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Posted 31th May 2024

How to Catch Sydney Snapper

How to Catch Sydney Snapper
How to Catch Sydney Snapper

By Nick Clark

Much has been written over the years about catching snapper in the hard fished waters of Australia’s biggest city, Sydney.

Snapper are still definitely on the cards for Sydney anglers despite many years of considerable pressure from both the recreational and commercial fishing sectors.

There’s no doubt that we are fishing in a depleted fishery which is merely a glimpse of what things would have been like 100, or 50, or even 20 years ago. Despite this somewhat negative synopsis, anglers that are keen for a challenge can still pursue snapper in Sydney with a refined approach, and with sustainability in mind, the encouragement of catch and release fishing along with smart fisheries management hopefully we will be able to catch snapper in the future.


There’s no doubt that the winter and spring months produce the best snapper fishing off Sydney, with autumn being reasonable and summer being my least favourite time of year. Having said that snapper are available during every month of the year. The biggest trick is working out what depths they prefer at the different times of the year.

Time of day can be of significance when targeting Sydney snapper. Like most species there’s key snapper bite periods during the early morning and late afternoon hours, though sometimes other factors like a good current can throw this all away and the fish will bite freely all through the day.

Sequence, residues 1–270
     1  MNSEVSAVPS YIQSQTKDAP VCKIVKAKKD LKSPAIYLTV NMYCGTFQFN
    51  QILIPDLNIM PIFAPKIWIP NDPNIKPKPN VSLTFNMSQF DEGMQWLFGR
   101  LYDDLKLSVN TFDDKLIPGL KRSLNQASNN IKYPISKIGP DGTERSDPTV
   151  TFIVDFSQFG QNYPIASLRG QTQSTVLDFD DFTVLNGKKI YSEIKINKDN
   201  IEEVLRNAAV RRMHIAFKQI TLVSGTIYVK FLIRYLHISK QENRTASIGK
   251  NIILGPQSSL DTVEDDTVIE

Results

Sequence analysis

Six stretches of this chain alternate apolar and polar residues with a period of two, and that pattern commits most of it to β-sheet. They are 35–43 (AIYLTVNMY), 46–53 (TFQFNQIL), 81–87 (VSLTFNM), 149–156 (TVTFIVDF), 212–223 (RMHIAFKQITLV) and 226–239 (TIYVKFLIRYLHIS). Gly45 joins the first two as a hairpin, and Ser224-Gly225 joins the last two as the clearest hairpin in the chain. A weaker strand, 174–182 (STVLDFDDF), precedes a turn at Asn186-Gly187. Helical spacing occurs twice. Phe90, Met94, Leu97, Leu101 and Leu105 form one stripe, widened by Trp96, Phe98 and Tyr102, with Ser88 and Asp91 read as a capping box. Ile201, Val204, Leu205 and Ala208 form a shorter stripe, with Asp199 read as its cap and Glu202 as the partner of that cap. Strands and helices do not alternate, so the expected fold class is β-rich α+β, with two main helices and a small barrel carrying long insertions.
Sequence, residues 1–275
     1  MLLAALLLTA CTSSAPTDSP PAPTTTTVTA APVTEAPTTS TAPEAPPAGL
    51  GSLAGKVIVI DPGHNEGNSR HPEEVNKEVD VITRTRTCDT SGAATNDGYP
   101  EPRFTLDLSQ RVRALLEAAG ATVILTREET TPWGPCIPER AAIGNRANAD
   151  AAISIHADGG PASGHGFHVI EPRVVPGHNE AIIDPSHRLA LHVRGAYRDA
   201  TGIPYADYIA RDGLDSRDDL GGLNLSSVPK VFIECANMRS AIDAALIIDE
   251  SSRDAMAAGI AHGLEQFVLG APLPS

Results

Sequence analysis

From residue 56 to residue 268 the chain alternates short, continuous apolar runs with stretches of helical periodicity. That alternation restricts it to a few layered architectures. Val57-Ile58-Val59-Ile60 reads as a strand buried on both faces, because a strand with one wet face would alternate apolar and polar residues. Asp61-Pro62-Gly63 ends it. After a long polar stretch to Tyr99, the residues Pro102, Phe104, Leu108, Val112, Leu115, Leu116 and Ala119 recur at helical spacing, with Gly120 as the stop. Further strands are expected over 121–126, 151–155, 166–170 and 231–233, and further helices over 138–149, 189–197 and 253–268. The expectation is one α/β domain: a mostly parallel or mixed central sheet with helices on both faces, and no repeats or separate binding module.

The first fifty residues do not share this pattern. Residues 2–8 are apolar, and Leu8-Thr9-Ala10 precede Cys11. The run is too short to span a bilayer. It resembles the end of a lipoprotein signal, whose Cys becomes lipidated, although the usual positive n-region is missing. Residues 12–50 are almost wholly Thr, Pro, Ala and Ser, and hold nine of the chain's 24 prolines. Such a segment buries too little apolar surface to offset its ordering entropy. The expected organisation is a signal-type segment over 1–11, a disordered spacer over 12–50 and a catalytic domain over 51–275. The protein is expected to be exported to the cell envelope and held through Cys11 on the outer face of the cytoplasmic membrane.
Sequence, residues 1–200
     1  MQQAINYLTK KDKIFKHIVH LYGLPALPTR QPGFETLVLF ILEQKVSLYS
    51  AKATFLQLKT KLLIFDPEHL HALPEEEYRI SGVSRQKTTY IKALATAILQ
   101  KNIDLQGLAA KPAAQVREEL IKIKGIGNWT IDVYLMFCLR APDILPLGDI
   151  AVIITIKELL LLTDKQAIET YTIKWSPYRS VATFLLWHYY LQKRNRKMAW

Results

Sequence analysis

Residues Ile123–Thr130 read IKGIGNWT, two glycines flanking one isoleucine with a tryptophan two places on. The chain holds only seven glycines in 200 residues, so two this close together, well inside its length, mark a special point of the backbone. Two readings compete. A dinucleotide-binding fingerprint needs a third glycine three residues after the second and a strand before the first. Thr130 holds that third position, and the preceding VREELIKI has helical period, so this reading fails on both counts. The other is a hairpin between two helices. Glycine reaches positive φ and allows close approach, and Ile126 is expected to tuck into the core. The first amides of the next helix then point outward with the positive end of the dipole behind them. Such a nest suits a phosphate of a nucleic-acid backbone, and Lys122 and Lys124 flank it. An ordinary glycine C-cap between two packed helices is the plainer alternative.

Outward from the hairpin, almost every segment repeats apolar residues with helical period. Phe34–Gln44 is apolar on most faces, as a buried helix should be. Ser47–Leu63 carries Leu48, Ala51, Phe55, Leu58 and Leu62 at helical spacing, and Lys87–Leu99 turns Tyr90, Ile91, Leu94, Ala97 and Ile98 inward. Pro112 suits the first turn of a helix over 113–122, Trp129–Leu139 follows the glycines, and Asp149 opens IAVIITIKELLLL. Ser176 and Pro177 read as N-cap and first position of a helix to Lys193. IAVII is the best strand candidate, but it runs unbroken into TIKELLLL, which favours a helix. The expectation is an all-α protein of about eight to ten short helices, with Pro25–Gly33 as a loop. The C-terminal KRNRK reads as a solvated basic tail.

Current is one of the main considerations with Sydney snapper. I like a nice light current ideally flowing in a downhill (north to south) direction. Certain grounds work better with the current going the other way, but I’d say the ideal current for most reefs is downhill. Those days when it’s not flowing too hard, but a bit more than a trickle are the ones I love. The snapper feed freely and often rise up slightly in the water column to feed making them respond more confidently and aggressively to a slowly sinking soft plastic or bait. A light breeze flowing from the same direction as the current will also help the cause.

I don’t think too hard about moon phase or tides, but the bite can be slow just after the full moon for a couple of days. A tide change is an added bonus when chasing Sydney reds but not my number one consideration.


Snapper can be caught off Sydney in depths from 5 meters out to 150 meters plus. The most fished depths would be 20-100 meters. A good general guide is to fish shallower water early or late in the day and fish the deeper water during the middle of the day period or when there’s very little current around.

Snapper like a mixture of bottom types from hard protrusive rock reef through to soft flat substrates like coral and course sand/gravel. The best place to start is the edge of hard reef where the rock meets the softer ground. As you build up your time on the water and experience you’ll quickly work out what they prefer.

A good tip is to look for areas where commercial fish traps are laid. These are set specifically to catch snapper. Making note of the time of year these are placed in certain areas will also help piece together the Sydney snapper puzzle.

Soft plastics